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How can SMEs prepare for lockdown easing?

business-articlesHow can SMEs prepare for lockdown easing?
As lockdown restrictions (hopefully) come to an end in the coming months, many SMEs are already preparing for business after lockdown. But entering a world that has changed vastly since the beginning of the pandemic, how do you go back to business as usual, when as usual doesn’t exist anymore?
With a phased reopening of the UK’s economy starting, the way we work and operate has changed completely. So how can SMEs prepare for lockdown restrictions easing in a way that benefits employees and businesses alike?

Supply chain issues

Brexit and coronavirus together have caused a wide array of issues, from increased shipping costs, to delays in products even entering the UK from the EU or vice-versa. SMEs need to prepare for the problems that arise during this time.
It appears that a significant problem many businesses are having adapting in the post-Brexit environment involve completing the right paperwork. This is shown by up to 20% of movements being rejected per day due to stricter border control following the end of the Brexit transition period.
The main way for businesses to limit these problems is to plan, and plan again. Having set protocols for your business can help to limit any mistakes when sending products to the EU, or having supplies delivered into the UK.
By creating guidance for your business and learning about the rule changes since the transitionary period has come to an end, you will be able to save your business time, money, and a lot of hassle as restrictions ease and you become busier.
More information to support your business and control supply chain issues can be found at: https://readyforbrexit.co.uk/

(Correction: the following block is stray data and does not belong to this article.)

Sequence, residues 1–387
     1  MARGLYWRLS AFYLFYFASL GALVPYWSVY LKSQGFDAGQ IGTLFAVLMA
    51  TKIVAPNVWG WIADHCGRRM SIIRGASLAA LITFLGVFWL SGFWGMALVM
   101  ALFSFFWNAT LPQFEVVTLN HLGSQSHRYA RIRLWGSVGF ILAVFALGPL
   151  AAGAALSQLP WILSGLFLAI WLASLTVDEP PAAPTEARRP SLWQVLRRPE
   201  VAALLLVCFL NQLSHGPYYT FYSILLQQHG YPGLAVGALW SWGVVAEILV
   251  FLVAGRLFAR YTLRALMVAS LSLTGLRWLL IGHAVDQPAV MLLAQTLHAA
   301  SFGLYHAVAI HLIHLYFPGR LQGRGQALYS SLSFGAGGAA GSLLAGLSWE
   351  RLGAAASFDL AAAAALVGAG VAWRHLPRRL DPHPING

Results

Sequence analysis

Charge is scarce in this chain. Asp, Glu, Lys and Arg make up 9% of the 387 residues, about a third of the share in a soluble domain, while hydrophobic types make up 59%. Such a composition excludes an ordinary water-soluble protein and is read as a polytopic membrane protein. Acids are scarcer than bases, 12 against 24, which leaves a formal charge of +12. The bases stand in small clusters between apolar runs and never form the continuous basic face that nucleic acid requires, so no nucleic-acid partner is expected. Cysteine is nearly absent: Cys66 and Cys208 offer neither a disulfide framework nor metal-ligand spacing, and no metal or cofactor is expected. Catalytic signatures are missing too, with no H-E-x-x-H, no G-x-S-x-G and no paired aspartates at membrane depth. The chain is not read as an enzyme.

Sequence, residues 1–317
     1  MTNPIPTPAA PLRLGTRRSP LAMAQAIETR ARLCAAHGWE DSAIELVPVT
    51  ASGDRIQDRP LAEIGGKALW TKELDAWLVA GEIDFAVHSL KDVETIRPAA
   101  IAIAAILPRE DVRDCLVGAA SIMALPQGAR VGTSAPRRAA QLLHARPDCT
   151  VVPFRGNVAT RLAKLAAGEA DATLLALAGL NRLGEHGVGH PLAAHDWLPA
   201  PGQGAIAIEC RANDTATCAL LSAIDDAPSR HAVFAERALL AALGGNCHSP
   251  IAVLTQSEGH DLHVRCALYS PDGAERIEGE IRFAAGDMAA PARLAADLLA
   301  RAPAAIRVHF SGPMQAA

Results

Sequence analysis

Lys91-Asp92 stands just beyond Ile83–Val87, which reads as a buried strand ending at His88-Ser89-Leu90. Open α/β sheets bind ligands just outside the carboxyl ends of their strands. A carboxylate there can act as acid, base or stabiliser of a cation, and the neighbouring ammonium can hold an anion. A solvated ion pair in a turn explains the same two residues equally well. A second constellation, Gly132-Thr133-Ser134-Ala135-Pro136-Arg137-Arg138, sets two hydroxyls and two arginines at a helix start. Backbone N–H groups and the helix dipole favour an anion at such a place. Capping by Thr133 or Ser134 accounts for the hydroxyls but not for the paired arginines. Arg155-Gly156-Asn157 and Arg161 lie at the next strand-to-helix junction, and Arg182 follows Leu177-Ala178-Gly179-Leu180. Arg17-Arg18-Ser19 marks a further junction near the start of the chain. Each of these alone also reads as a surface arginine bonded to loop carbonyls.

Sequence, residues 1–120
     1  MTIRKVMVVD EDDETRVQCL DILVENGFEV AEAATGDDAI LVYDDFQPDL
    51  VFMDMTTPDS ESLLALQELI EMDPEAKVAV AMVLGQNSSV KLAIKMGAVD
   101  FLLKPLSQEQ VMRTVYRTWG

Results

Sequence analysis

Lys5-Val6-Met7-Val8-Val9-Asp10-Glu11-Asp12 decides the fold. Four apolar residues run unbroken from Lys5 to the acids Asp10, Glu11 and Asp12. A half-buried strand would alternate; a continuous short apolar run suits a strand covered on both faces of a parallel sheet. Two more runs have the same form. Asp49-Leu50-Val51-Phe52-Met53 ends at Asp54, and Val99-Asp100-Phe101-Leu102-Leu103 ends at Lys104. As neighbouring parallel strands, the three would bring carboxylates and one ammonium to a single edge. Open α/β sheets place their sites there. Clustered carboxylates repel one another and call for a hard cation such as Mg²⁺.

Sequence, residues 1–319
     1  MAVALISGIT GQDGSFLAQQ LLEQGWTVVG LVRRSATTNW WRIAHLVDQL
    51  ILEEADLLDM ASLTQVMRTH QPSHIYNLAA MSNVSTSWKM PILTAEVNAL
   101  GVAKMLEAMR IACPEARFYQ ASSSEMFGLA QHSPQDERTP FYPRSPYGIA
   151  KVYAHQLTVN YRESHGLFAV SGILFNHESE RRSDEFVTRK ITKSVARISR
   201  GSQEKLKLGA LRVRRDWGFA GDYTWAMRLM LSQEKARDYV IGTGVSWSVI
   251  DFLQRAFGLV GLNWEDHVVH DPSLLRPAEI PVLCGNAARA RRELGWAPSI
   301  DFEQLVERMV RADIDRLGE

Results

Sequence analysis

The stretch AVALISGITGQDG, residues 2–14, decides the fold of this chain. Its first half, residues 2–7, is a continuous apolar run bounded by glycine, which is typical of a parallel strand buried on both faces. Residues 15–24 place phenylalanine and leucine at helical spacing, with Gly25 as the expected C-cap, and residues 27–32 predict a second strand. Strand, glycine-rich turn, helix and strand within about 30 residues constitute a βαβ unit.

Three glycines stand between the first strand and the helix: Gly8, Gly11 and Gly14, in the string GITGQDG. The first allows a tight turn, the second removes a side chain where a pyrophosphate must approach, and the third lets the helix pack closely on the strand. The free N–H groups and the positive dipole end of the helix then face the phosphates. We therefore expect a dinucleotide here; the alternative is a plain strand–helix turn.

On top of Brexit and coronavirus, businesses are facing delayed manufacturing times due to demand, the blockage in the Suez Canal, and increased shipping costs due to a lack of containers and storage space.
With these potential delays, you’ll need to be prepared to adapt. Managing customer expectations well in advance on lead times and cost, and managing suppliers by monitoring scheduling, quality, and delivery to catch issues before they arise are as important as ever.

Supporting staff

As businesses begin to work towards reopening, a return to the workplace can be daunting for employers and employees alike and many businesses should be cautious and mindful when preparing for that return.
Where once eight-hour workdays, five days a week from the office was the norm, the new normal includes reduced hours, workloads, and staff numbers. With 41% of SME’s saying that they will keep flexible working as an option to employees once the lockdown has ended, working to support staff not only involves being flexible but also looking out for both the physical and mental health of your employees.
Switching to a phased reopening or discussing with the prospect of working 50/50 in the office and at home may make employees more optimistic and feel cared about as we make the move into uncharted territory.
With so much disruption from the pandemic and people’s expectations around work, listening to your employees’ needs is the first step in supporting staff.

End of furlough

With Chancellor Rishi Sunak recently announcing an extension of the furlough scheme until September of 2021 (meaning the scheme will have been running for almost a year and a half), many employers must start to think about their own roadmap out of using the scheme.